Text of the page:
PARIS — European officials working to address the region’s financial crisis have rejected key recommendations from the United States and the International Monetary Fund, casting doubt on whether an emerging plan will be as broad or fast-acting as hoped.
As crisis negotiations continued this weekend, European officials said they had reached general agreement on a response they were confident would restore faith in European banks and government finances.
The detailed plan to be agreed on by European officials next weekend “will be decisive,” French Finance Minister Francois Baroin said Saturday as he concluded a two-day session with finance ministers from the Group of 20 major economic powers.
But the plan excludes the open-ended use of the European Central Bank as a guarantor of government debt and the swift infusion of public capital into banks that U.S. and IMF officials say could be critical to restoring confidence in the euro region. Both were central elements of the effort to shore up the U.S. financial system three years ago.
“They clearly have more work to do,” U.S. Treasury Secretary Timothy F. Geithner said after the meetings adjourned, withholding judgment on whether the European plan will prove convincing.
“It’s all in the details,” he said. “In financial crises, it is more risky to act gradually and incrementally than to act with bold force.”
At the peak of the U.S. crisis, then-Treasury Secretary Henry M. Paulson Jr. summoned major bank executives to an October 2008 meeting in Washington and ordered them to immediately accept billions of dollars in government money. Paulson argued that the infusion of funds was vital for saving the financial system and that all the banks had to take the money, regardless of whether they needed it, so none would be singled out for accepting a bailout.
European leaders have rejected a similarly swift and dramatic response.
Their planned effort to prepare banks for a possible default by Greece or another heavily indebted European nation could take until June to complete. Banks first will be asked to raise extra capital from private sources — such as their own profits or a new sale of stock — and then, if necessary, to appeal to their governments for public help. If a government cannot afford it, officials could ask to borrow the money from the new bailout program, the European Financial Stability Facility.
The step-by-step process is a concession to European politics. Officials in Germany, the most influential voice in the euro zone, are insisting that new bank capital should come from private investors before public sources. Taxpayers in many nations are weary of footing the bill for bailouts already underway in Greece, Portugal and Ireland.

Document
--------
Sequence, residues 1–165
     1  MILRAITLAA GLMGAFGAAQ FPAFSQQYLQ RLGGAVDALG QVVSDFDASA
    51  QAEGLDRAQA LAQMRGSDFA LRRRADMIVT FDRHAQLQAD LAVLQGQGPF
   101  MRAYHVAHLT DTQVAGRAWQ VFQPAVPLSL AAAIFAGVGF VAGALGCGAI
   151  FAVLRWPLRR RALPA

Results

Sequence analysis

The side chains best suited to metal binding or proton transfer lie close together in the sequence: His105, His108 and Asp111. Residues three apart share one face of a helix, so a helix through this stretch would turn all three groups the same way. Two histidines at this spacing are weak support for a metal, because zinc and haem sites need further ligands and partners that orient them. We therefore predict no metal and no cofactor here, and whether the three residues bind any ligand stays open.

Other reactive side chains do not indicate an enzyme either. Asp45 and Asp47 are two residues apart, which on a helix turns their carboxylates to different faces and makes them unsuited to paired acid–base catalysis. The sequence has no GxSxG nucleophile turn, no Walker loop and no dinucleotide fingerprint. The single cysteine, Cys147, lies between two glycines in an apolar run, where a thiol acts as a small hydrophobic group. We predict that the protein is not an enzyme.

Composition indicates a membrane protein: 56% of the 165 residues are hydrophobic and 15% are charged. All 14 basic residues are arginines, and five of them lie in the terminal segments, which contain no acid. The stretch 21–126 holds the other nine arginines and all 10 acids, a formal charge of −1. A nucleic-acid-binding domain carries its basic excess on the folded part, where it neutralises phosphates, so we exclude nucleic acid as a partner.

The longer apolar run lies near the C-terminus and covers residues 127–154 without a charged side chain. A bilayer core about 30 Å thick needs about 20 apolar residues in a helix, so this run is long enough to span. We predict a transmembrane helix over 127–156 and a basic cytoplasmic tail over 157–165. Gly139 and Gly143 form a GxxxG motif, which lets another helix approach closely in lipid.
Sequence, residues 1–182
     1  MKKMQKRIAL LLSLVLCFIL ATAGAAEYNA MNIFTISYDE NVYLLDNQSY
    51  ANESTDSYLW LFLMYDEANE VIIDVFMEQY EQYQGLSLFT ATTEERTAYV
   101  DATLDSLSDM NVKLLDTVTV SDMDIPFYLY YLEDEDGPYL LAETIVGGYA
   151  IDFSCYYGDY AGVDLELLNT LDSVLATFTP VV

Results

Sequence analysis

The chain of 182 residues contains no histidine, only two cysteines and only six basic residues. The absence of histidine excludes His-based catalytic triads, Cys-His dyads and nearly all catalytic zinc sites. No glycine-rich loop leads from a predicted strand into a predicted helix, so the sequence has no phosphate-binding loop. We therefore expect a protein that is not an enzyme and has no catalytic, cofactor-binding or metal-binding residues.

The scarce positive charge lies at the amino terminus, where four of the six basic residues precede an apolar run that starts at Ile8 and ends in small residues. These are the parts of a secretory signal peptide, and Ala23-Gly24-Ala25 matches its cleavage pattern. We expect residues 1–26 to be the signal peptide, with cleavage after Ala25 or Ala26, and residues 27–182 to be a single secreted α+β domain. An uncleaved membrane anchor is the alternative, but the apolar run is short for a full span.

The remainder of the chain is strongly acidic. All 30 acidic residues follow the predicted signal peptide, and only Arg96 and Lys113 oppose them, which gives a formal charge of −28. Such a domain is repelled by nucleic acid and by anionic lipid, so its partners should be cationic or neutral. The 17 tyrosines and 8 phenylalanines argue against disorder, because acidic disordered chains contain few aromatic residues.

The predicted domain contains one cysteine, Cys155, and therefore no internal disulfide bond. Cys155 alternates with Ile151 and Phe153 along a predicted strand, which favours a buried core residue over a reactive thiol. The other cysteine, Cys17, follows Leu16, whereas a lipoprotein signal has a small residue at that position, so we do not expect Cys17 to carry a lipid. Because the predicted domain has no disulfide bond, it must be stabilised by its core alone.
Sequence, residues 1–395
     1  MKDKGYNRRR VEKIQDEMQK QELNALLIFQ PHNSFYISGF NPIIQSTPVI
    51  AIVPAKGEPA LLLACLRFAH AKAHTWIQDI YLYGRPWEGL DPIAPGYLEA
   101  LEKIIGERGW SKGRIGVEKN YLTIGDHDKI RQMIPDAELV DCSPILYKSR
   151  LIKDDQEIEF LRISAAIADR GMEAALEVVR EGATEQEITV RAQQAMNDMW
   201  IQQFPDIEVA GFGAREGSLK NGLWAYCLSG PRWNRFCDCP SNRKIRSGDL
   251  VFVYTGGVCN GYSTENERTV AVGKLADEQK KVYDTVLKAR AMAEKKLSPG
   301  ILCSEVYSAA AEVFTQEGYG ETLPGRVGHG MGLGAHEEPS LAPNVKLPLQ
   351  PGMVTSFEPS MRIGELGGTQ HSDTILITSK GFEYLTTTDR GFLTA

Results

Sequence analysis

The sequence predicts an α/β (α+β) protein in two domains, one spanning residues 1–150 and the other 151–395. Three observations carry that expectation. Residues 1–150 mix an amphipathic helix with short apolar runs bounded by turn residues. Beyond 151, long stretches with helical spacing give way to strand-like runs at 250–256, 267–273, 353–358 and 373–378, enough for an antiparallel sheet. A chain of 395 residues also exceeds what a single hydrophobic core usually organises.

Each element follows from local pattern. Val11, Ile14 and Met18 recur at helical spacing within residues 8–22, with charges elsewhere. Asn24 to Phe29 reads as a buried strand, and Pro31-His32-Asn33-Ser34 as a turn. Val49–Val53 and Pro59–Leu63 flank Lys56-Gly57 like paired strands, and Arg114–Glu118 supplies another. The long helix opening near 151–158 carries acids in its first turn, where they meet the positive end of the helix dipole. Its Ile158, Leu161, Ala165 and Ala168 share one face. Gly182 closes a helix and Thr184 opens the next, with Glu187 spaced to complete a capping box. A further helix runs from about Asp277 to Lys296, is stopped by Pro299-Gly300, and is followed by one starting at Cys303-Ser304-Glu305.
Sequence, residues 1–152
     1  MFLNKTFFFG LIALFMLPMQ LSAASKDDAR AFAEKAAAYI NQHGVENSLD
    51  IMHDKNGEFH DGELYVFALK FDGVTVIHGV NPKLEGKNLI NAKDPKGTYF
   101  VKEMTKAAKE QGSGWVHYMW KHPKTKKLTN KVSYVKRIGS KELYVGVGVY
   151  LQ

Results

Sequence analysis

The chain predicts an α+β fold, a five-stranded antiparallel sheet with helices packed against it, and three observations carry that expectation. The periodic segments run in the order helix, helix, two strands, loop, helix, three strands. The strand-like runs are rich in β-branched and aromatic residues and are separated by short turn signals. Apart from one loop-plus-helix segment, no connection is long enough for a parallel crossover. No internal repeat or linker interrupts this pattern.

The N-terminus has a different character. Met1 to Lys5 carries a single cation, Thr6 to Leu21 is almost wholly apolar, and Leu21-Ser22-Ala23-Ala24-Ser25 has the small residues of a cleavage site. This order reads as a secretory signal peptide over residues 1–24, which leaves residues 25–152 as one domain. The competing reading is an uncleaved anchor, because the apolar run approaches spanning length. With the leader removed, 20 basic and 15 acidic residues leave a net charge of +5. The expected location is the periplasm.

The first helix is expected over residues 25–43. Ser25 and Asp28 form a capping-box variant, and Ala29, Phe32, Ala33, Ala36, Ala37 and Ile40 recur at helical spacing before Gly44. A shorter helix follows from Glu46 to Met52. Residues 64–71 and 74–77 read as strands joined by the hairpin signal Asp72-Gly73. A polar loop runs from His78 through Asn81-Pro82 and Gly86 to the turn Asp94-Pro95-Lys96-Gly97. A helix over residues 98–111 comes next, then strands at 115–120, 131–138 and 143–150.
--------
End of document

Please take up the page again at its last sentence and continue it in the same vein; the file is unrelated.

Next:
But some analysts say the plan means months more uncertainty while potentially weakening banks that have to turn to public sources for help and admit they cannot raise money on their own.
It “is going to be very tricky and very long,” said Anne-Charlotte Com, a bank analyst with the Aurel BGC investment firm.
The approach also runs counter to the recommendations of the IMF, which has urged a fast, conclusive and mandatory infusion of new money into the European financial system.
“We would recommend a mandatory approach in the sense that no bank can say, ‘I don’t need this,’ ” IMF Europe division director Antonio Borges said at a recent conference.
European banks hold hundreds of billions of dollars in bonds issued by Greece and other highly indebted European nations. After initial months skirting the issue, officials now want banks to have set aside enough capital to withstand a Greek default, as well as any problems that would occur in the aftermath.
In the worst-case scenario, a Greek default on its bonds could catch banks unprepared, prompting the kind of global credit meltdown caused by the failure of the Wall Street investment bank Lehman Brothers in 2008.
Baroin said European leaders are likely to agree within days on a way to cancel some of Greece’s debts. Such a step represents a recognition that Greece cannot return to financial health unless some of its $300 billion in outstanding bonds are reduced in value.
Over the summer, Josef Ackermann, chairman of Deutsche Bank and then-chairman of the Institute of International Finance (IIF) trade group, developed a proposal under which banks would agree to swap existing Greek bonds for new ones to be repaid over a longer period, lightening Greece’s burden. The proposal was accepted by European leaders and the IMF at the time. The deal was heralded as a breakthrough, with banks and other private investors voluntarily accepting losses that would do little damage to their financial health. But the IIF proposal included no actual reduction in the face value of Greece’s bonds.
The European Central Bank does not want private investors to face forced losses in Greece, arguing that this could undermine the financial health of the euro area even further. But some analysts said Greece cannot be made solvent without more substantial debt relief, which would hit banks harder.
The new capital requirements being developed could help banks absorb losses on Greek bonds. But calculating precisely how high capital levels should be depends on what could happen to bonds issued by a range of countries beyond Greece. Market analysts now expect at least some losses on bonds issued by Portugal, Ireland, Spain and Italy. Yet it is difficult for European officials to factor those possible losses into capital standards, because each of the countries insists that it will pay its obligations in full.